By Melissa Lind, contributing writer
A recently published report shows Canada and Ireland to be first in food safety amongst 17 Organization for Economic Cooperation and Development
A comprehensive study by the Conference Board of Canada’s Centre for Food in Canada compared the country’s performance in food-safety matters to 17 countries of the Organization for Economic Cooperation and Development (OECD). According to the 10 indicators spread across three major categories, Canada and Ireland show the greatest public trust in food safety.
The Conference ranked countries based on indicators in risk areas including: Risk Assessment, Risk Management, and Communication of Risk Occurrence. While the report was compiled by a Canadian group, it is the first of its kind and includes comprehensive metrics. Other reports have focused on single areas such as violations or traceability.
Regarding risk assessment, the study looked at foodborne illness rates, national food and dietary consumption studies, pesticide use, and total number of diet studies. Austria and Canada achieved the highest scores in foodborne illness rates and though pesticide use has not changed overall, Ireland showed improvement, while Belgium worsened.
In the management arena, the group examined national food safety response capability, number of food recalls, food-traceability standards, and radionuclides standards. The report notes that chemical risks have accounted for over one-third of safety violations with France and Italy showing the best reporting rates of chemical contamination.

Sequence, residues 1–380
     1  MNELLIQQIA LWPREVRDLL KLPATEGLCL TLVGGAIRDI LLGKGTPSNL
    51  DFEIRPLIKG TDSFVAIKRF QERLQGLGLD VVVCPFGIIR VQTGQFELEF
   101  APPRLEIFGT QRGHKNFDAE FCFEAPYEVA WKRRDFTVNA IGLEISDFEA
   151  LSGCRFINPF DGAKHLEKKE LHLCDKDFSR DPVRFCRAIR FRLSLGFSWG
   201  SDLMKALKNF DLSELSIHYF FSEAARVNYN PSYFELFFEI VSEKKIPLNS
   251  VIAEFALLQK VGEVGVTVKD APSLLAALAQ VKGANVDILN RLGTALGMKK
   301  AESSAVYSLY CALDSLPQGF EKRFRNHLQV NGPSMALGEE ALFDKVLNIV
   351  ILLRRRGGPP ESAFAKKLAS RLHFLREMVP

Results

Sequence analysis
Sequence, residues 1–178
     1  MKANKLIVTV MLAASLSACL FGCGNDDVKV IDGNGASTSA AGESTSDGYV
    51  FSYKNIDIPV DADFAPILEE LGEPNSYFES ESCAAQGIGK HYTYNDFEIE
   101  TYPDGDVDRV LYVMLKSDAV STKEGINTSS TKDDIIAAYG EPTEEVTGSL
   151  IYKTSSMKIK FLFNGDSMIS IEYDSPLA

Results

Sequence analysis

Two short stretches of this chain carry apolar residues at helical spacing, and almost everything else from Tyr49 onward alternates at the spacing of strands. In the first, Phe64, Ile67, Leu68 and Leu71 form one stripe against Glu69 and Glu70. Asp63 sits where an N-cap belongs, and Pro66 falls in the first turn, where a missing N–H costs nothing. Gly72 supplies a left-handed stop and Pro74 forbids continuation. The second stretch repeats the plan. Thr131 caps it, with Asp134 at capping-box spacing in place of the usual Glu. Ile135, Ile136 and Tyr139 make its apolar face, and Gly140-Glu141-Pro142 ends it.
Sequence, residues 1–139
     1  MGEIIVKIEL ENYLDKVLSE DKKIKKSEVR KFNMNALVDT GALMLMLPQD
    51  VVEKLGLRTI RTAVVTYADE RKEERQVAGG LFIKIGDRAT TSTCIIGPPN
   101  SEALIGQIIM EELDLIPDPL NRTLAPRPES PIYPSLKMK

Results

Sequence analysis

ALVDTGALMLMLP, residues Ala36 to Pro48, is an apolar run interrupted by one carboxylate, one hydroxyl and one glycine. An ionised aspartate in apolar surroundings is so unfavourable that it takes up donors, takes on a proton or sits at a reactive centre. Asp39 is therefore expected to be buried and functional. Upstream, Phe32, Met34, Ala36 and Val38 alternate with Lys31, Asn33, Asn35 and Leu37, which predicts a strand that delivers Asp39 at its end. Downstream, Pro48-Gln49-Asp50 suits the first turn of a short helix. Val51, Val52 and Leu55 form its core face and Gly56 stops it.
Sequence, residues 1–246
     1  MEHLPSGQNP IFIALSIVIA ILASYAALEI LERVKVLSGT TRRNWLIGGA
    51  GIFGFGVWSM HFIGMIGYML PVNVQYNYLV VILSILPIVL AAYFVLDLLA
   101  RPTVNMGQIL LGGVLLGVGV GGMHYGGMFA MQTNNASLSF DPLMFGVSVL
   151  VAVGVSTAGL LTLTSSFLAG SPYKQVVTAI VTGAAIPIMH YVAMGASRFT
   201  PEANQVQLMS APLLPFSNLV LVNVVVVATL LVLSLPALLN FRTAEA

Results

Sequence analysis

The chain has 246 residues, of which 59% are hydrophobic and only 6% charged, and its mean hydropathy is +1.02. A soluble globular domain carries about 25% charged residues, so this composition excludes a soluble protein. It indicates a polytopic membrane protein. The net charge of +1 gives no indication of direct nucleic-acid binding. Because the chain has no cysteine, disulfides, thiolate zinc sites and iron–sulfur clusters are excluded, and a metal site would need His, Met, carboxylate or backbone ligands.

The examination showed that all of the OECD countries studied have very-high safety standards in the food industry, but each country continues to face different challenges regarding developing systems and regulations surrounding food safety in the supply chain. Rounding out the top six, after Canada and Ireland were France, the U.K, Norway, and the U.S.
While all countries showed high standards, a continuing issue remains the lack of global standards and protocols. The report’s authors, Jean-Charles Le Vallée and Sylvain Charlebois, indicate that as the report was compiled by a group from Canada, future world rankings should include additional data, indicators, and recommended that a summit be held to identify common performance measures for future food rankings.